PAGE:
Jones revealed in the 1989 video documentary Same Ole Me “I couldn’t think or eat anything unless Hank Williams was playing, and I couldn’t wait for his next album to be released. He must have been the finest.” In 1950, he married Dorothy Bonvillion, but the couple separated in 1951. He served in the United States Marine Corps until 1953 when he was discharged. His entire service was spent at a base in San Jose, California.
What Was George Jones’s Net Worth?
At the time of his death in 2013, George Jones Had an Estimated Net Worth of $35 Million (Source: Celebrity Net Worth), which he earned as a musician, singer, and songwriter between 1954 and 2013.
Throughout his extensive career, country singer and composer George Jones have created several successful singles and albums. The majority of his income came from album sales and live performances.
George Jones’s Musical Journey
Jones had established himself as one of country music’s finest vocalists by the early 1960s, thanks to his songs about heartbreak.
Even more chart success followed with singles such as “Window Up Above” and “Tender Years”. In 1962, the balladeer returned to the top of the charts with one of his signature songs, “She Thinks I Still Care.”
The next year, he joined Melba Montgomery on their most popular album, What’s in Our Heart, which peaked at No. 3 on the charts.
Jones also charted on her own, with “The Race Is On” at No. 3 in 1964 and “Love Bug” at No. 10 in 1965.
Jones’s solo work and collaborations were favorably regarded in the second half of the 1960s, and this trend continued.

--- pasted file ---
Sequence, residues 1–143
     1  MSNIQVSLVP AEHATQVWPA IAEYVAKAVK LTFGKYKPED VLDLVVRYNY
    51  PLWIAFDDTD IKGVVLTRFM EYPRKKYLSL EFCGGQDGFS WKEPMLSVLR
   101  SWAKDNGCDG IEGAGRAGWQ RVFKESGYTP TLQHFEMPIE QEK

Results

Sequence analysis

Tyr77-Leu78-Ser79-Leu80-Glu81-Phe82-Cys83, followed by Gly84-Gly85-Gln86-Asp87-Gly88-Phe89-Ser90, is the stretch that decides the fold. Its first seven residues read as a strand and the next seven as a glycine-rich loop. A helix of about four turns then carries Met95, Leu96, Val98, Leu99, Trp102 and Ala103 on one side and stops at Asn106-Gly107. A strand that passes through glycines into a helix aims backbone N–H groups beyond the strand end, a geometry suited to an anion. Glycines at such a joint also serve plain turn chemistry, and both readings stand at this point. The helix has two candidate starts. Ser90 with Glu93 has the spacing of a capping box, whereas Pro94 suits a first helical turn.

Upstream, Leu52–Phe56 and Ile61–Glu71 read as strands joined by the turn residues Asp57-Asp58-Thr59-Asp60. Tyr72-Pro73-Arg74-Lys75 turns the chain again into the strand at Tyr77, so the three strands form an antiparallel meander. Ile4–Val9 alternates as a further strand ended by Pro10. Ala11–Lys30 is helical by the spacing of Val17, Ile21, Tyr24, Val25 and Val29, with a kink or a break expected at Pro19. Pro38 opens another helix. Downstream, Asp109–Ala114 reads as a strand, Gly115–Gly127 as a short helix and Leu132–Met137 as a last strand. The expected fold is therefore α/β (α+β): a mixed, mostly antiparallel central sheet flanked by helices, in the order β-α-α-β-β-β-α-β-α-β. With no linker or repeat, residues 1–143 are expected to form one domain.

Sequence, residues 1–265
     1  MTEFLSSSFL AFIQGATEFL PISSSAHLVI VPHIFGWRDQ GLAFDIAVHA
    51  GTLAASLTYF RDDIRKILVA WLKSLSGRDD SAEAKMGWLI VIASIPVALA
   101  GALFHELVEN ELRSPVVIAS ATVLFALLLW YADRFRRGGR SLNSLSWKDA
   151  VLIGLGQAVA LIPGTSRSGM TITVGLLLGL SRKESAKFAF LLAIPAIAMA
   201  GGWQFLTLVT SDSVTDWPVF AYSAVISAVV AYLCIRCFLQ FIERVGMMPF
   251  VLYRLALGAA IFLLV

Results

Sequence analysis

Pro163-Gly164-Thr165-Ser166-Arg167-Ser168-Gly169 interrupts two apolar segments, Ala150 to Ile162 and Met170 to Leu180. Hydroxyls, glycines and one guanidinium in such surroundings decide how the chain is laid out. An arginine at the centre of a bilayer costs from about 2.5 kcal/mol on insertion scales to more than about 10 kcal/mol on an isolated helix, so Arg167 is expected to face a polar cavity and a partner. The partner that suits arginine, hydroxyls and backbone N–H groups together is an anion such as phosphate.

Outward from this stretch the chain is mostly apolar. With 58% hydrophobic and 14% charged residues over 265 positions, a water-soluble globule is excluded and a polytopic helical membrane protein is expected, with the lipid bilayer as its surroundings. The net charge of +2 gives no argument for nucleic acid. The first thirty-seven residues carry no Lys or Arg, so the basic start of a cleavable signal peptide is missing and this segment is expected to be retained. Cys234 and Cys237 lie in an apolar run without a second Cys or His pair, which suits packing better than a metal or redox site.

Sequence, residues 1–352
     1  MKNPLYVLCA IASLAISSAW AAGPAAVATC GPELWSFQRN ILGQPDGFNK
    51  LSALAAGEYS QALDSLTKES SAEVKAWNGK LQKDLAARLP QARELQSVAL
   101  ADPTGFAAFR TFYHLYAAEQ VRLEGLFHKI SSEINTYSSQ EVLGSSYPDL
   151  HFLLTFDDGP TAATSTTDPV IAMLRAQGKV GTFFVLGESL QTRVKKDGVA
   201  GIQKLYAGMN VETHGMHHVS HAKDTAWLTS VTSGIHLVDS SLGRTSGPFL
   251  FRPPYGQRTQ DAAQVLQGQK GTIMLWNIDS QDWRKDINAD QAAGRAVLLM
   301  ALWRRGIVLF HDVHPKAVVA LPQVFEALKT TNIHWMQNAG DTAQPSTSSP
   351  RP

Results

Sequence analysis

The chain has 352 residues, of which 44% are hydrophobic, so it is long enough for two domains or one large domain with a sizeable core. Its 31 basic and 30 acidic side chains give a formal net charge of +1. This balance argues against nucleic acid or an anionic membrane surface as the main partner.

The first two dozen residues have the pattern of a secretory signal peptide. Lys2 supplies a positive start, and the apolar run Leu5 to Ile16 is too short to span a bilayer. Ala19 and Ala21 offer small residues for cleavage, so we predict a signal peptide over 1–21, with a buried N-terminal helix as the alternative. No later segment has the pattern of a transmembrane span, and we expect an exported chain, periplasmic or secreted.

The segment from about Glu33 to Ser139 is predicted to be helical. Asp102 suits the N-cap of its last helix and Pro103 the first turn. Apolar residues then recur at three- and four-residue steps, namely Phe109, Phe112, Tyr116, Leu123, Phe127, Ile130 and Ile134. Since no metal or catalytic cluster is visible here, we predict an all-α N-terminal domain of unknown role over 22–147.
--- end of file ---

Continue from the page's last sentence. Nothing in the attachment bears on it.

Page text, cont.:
The songs “I Am a People” (1966) and “As Long as I Live” (1968) as well as the 1969 duet album I’ll Share My World with You, whose title track hit No. 2 on the charts, are among his most significant recordings from this time period.
You Ought to Be Here With Me, Jones’s final proper studio album for Epic, was released in 1990. Although the album contained numerous rousing performances, including the lead single “Hell Stays Open All Night Long” and the Roger Miller-penned title track, the single performed badly, and Jones switched to MCA, severing his 19-year partnership with Sherrill and what was then Sony Music.
On November 22, 2013, Jones was slated to deliver his final show at the Bridgestone Arena. Jones was transported to VUMC on April 18, 2013, for a minor temperature and abnormal blood pressure. As a result, his performances in Alabama and Salem were postponed.
Let’s Take a Closer Look into George Jones’s Personal Life!
In 1950, he wed Dorothy Bonvillion, from whom he was divorced in 1951. He was discharged from the United States Marine Corps in 1953. In 1954, he married Shirley Ann Corley. The Big Bopper’s “White Lightning,” which Jones recorded in 1959, established his career as a singer.
His second marriage ended in divorce in 1968, and he wed country music artist Tammy Wynette the following year. Years of drunkenness weakened his health and caused him to miss numerous shows, which earned him the moniker “No Show Jones.”
Jones married his fourth wife, Nancy Sepulvado, in 1983, following his divorce from Wynette in 1975, and remained sober for good in 1999. Jones died in 2013 of hypoxic respiratory failure at the age of 81. He has four offspring from his four marriages.